If one thing was clear from decisions handed down this week, it's that SCOTUS is clueless on technology
Coffee Party USA's insight:
Granted, the justices are behind the times. Twenty-first century technology has come to the Court, but the Court hasn’t come to the twenty-first century. Justices still communicate by handwritten notes instead of email. The courthouse got its first photocopying machine in 1969, six decades after the machine was invented. Oral arguments were first tape-recorded in 1955, nearly a hundred years after the first sound recording. At those arguments, blog reporters are denied press passes, tweeting is verboten, and justices thumb through hard copies of court documents. At the Supreme Court, every day is Throwback Thursday.
This might explain why the majority of Americans oppose life tenure for Supreme Court justices. Life tenure shields judicial independence and pays homage to the Founding Fathers’ vision. At the time the Constitution was written, however, the average life expectancy was about 40 years. (Or 60 years if controlled for infant mortality.) Today, it’s nearly twice as long. Clearly, life tenure meant something different for the founding generation.
Super PACs spent $567,498,628 on the 2012 elections. About half of that was used on the presidential election. You may have seen that half-billion-dollar number thrown around or heard the mention of Super PACs – but what does a Super PAC really do?
The vast majority of Americans—more than 90 percent in recent polls—believe it “important” to “reduce the influence of money in politics.” But is the business model of the reformers actually consistent with winning reform?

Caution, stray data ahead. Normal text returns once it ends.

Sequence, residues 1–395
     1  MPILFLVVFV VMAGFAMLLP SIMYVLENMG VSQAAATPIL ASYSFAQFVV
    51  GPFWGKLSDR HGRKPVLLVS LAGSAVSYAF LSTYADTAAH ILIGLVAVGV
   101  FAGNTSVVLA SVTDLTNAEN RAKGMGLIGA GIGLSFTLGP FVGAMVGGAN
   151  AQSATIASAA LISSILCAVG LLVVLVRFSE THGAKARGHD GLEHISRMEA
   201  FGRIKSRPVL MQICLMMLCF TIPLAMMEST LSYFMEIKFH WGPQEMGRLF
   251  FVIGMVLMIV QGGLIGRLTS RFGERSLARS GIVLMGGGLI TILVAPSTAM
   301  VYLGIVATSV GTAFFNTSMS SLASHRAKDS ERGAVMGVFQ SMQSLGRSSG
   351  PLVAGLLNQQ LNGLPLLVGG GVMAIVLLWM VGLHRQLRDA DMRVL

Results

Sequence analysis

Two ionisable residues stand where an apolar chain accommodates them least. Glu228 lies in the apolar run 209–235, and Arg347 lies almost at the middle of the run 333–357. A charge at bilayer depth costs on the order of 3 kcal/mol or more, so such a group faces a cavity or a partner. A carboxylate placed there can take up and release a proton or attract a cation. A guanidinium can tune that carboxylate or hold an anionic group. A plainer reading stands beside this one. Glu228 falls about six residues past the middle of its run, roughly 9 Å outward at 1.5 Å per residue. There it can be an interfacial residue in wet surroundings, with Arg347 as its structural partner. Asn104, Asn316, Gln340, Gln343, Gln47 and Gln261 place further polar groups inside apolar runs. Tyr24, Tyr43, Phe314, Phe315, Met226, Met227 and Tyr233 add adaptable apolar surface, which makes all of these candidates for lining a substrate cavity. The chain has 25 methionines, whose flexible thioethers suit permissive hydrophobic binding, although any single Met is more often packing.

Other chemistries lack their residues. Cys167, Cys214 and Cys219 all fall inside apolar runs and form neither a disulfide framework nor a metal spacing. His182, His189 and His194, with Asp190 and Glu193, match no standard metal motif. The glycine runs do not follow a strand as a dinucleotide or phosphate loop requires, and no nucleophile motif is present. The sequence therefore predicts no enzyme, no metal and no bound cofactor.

This is the fair but hard question raised by the strategy planned by Senate Democrats this summer to force a vote on New Mexico Senator Tom Udall’s proposed constitutional amendment to give Congress the power “to regulate the raising and spending of money” in elections. Forty-three Senate Democrats have cosponsored the resolution. Zero Republicans have. Zero is the same number of Republicans who have joined any of the proposed constitutional amendments now floating about in Congress to, as they are described, “reverse Citizens United.” Constitutional reform to give Congress the power to further regulate campaign cash is the exclusive domain of the Democrats (excepting, of course, the ACLU Democrats; the ACLU opposes such amendments).
Reform.to tracks members of Congress as well as candidates, and highlights their support for specific legislative and constitutional reforms aimed at fighting the corrupting influence of money in politics.
WASHINGTON — The infinitely valuable Yiddish word “chutzpah” is defined as “shameless audacity” or “impudence.”
It’s singularly appropriate for the astonishing op-ed piece that former vice president Dick Cheney and his daughter Liz published in The Wall Street Journal on Wednesday. It’s not every day that a leader of the previous administration suggests that the current president is a “fool” and accuses him of intentionally weakening the United States.